President Joe Biden’s administration is under pressure from some lawmakers to forbid American companies from working on a freely available chip technology that is widely used in China, opening a new front in the U.S.-China tech conflict that could fundamentally alter how the international technology sector collaborates.

It all comes down to RISC-V, or “risk five,” an open-source technology that competes with pricey proprietary technology from British semiconductor and software design giant Arm Holdings. From smartphone chips to cutting-edge artificial intelligence computers, RISC-V can be a significant component.

Some senators are pressing Biden’s administration to take action on RISC-V on the basis of national security, including two Republican chairs of House of Representatives committees, Republican Senator Marco Rubio, and Democratic Senator Mark Warner.

The congressmen voiced worry that Beijing is utilising an atmosphere of open collaboration among American businesses to promote its own semiconductor industry, which might weaken the U.S. position in the chip industry and aid China in modernising its armed forces. Their remarks are the first significant attempt to impose limitations on RISC-V development being done by American businesses.

Chairman of the House select committee on China, Representative Mike Gallagher, said in a statement to Reuters that the Commerce Department should “require any American person or company to receive an export licence prior to engaging with PRC (People’s Republic of China) entities on RISC-V technology.”

These proposals for RISC-V regulation are the most recent in a fight between the United States and China over chip technology that heated up last year with broad export limits that the Biden administration has promised to revise this month.

“To circumvent American domination of the intellectual property required to design chips, the CCP (Chinese Communist Party) is abusing RISC-V. Representative Michael McCaul, head of the House Foreign Affairs Committee, said in a statement to Reuters that Americans shouldn’t be backing a PRC tech transfer policy that weakens American export control regulations.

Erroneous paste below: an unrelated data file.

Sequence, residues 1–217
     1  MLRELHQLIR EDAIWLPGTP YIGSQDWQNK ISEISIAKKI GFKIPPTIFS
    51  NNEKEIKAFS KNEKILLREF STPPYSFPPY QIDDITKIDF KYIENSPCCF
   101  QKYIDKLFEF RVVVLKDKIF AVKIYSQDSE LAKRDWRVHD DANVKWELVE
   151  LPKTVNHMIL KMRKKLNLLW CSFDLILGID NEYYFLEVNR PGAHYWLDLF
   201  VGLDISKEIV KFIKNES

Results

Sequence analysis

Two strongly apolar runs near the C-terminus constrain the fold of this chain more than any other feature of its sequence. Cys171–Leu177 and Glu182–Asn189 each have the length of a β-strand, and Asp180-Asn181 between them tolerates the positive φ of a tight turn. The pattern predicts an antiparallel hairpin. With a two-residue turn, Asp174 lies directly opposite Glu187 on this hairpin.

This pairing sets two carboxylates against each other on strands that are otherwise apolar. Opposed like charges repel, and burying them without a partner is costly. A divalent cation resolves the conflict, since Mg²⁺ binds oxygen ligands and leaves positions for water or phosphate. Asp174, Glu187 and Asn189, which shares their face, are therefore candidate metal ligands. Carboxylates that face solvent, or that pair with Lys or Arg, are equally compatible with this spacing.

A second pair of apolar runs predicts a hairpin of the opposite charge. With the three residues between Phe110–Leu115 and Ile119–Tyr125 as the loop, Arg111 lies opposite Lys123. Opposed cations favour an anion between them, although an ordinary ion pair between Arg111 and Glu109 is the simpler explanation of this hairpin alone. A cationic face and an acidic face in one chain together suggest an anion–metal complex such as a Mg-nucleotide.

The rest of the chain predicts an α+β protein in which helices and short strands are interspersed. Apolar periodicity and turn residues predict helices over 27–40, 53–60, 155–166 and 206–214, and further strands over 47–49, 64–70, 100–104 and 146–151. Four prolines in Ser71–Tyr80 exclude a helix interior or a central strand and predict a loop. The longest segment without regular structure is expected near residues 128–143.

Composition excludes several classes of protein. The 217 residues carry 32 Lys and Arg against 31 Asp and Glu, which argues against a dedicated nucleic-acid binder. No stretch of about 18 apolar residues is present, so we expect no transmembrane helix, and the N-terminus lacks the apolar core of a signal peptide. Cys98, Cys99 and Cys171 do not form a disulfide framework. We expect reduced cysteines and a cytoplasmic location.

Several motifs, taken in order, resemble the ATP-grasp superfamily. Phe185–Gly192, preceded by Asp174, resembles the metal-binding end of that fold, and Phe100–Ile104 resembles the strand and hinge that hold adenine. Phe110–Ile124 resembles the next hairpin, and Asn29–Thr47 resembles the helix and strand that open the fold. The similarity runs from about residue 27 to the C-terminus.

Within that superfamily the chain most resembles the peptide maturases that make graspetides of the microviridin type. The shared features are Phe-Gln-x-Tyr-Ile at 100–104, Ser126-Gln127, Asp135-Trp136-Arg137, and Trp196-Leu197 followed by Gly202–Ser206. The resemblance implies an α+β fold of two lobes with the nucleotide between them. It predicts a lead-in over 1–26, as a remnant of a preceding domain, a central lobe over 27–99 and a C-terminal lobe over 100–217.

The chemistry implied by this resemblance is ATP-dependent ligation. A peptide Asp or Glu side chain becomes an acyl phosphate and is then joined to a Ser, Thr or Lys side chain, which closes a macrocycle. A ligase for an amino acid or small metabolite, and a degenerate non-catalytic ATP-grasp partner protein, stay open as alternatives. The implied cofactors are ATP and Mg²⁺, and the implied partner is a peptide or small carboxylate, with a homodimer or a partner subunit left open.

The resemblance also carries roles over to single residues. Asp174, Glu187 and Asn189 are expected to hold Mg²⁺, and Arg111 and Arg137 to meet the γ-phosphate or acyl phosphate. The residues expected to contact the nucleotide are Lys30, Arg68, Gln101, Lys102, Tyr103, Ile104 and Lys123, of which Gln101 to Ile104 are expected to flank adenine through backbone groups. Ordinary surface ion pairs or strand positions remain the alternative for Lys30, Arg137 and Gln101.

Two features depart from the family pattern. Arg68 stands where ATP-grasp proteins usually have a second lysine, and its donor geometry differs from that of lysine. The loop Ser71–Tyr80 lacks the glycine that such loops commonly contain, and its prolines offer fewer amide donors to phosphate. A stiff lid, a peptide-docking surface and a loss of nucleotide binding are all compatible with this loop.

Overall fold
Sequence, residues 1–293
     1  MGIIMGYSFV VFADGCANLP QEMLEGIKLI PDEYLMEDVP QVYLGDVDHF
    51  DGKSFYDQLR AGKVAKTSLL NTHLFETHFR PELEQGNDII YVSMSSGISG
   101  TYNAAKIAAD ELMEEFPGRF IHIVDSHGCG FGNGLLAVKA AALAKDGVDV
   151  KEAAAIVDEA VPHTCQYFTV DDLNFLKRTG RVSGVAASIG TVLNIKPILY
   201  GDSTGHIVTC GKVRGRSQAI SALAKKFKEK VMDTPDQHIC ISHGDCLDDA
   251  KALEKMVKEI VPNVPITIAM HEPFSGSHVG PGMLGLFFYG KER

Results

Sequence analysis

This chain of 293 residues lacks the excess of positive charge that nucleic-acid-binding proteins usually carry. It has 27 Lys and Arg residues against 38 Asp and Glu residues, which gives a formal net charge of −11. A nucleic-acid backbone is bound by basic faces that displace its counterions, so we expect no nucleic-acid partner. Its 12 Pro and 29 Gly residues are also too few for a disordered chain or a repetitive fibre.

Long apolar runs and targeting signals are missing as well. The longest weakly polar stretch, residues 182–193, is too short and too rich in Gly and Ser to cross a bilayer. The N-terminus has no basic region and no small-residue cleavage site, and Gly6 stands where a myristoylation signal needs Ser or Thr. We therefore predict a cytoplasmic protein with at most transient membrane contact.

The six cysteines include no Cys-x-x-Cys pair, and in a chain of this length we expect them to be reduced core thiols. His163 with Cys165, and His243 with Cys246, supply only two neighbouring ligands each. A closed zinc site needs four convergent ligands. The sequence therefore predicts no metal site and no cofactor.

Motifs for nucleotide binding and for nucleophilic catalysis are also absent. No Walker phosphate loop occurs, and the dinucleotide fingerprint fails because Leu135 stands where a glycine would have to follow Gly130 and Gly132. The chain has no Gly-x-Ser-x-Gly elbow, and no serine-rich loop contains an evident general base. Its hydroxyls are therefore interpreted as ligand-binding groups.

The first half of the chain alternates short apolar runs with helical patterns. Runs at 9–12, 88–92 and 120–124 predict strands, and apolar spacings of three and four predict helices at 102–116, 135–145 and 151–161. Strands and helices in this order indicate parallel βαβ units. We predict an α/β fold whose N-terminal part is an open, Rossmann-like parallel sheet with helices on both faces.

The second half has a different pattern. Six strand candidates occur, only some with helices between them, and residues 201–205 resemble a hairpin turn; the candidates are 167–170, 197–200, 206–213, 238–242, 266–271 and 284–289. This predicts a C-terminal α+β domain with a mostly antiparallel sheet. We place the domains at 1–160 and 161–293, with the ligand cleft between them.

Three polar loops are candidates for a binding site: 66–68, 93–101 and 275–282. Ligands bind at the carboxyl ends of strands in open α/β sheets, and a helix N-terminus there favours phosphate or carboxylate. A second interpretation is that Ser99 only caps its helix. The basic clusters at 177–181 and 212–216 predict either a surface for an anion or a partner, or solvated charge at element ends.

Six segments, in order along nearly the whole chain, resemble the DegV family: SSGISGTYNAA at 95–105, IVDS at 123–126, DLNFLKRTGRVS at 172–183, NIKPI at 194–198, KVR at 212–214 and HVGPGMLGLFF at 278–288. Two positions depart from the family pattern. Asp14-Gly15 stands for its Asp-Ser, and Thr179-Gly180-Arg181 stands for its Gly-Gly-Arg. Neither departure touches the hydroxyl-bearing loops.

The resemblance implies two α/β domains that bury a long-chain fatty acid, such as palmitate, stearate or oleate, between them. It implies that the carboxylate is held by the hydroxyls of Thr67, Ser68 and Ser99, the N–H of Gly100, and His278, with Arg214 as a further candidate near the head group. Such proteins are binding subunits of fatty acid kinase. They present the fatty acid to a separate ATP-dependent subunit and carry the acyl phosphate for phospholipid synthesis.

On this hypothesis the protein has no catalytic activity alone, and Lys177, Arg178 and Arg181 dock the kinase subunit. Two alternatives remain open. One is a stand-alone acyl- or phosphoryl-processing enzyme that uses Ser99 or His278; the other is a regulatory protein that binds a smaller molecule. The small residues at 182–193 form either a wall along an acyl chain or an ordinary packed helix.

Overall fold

McCaul stated that if the Bureau of Industry and Security—the division of the Commerce Department responsible for export-control regulations—does not take action, he will pursue legislative action.

The bureau “is constantly reviewing the technology landscape and threat environment, and continually assessing how to best apply our export control policies to protect national security and safeguard core technologies,” a representative for the Commerce Department said in a statement.

In a statement to Reuters, Rubio said that “communist China is developing open-source chip architecture to evade our sanctions and expand its chip industry.” China will eventually overtake us as the world leader in chip design if we don’t expand our export controls to address this threat.

“A dramatic paradigm shift is needed,” Warner said in a statement to Reuters. “I fear that our export-control laws are not equipped to deal with the challenge of open-source software, whether in advanced semiconductor designs like RISC-V or in the area of AI.”

A nonprofit foundation with its headquarters in Switzerland is in charge of RISC-V, which coordinates the work of for-profit businesses to develop the technology.

The Defense Advanced Research Projects Agency (DARPA), a division of the Pentagon, later provided financing for the RISC-V technology, which originated in Berkeley University of California labs. Its developers have compared it to open technologies like Ethernet, USB, and even the internet, which rely on contributions from all around the world and accelerate and reduce the cost of innovation.